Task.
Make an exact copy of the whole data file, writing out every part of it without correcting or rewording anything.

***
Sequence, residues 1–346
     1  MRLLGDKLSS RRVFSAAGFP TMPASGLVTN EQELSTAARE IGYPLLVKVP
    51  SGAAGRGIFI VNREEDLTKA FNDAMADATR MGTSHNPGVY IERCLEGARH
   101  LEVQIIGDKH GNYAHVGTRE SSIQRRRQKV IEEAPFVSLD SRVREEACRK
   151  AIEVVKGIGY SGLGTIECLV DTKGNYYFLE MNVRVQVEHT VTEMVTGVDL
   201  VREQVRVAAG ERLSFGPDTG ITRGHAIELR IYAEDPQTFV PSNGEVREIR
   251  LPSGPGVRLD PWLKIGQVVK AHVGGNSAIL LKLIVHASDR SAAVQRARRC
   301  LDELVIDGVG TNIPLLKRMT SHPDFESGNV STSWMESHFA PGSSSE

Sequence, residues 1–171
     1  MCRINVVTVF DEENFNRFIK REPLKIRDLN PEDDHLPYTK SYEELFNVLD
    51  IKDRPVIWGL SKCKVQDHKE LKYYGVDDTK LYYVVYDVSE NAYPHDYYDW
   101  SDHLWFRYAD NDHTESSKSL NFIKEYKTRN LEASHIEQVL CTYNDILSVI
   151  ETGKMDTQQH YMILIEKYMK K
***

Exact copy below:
Sequence, residues 1–346
     1  MRLLGDKLSS RRVFSAAGFP TMPASGLVTN EQELSTAARE IGYPLLVKVP
    51  SGAAGRGIFI VNREEDLTKA FNDAMADATR MGTSHNPGVY IERCLEGARH
   101  LEVQIIGDKH GNYAHVGTRE SSIQRRRQKV IEEAPFVSLD SRVREEACRK
   151  AIEVVKGIGY SGLGTIECLV DTKGNYYFLE MNVRVQVEHT VTEMVTGVDL
   201  VREQVRVAAG ERLSFGPDTG ITRGHAIELR IYAEDPQTFV PSNGEVREIR
   251  LPSGPGVRLD PWLKIGQVVK AHVGGNSAIL LKLIVHASDR SAAVQRARRC
   301  LDELVIDGVG TNIPLLKRMT SHPDFESGNV STSWMESHFA PGSSSE

Sequence, residues 1–171
     1  MCRINVVTVF DEENFNRFIK REPLKIRDLN PEDDHLPYTK SYEELFNVLD
    51  IKDRPVIWGL SKCKVQDHKE LKYYGVDDTK LYYVVYDVSE NAYPHDYYDW
   101  SDHLWFRYAD NDHTESSKSL NFIKEYKTRN LEASHIEQVL CTYNDILSVI
   151  ETGKMDTQQH YMILIEKYMK K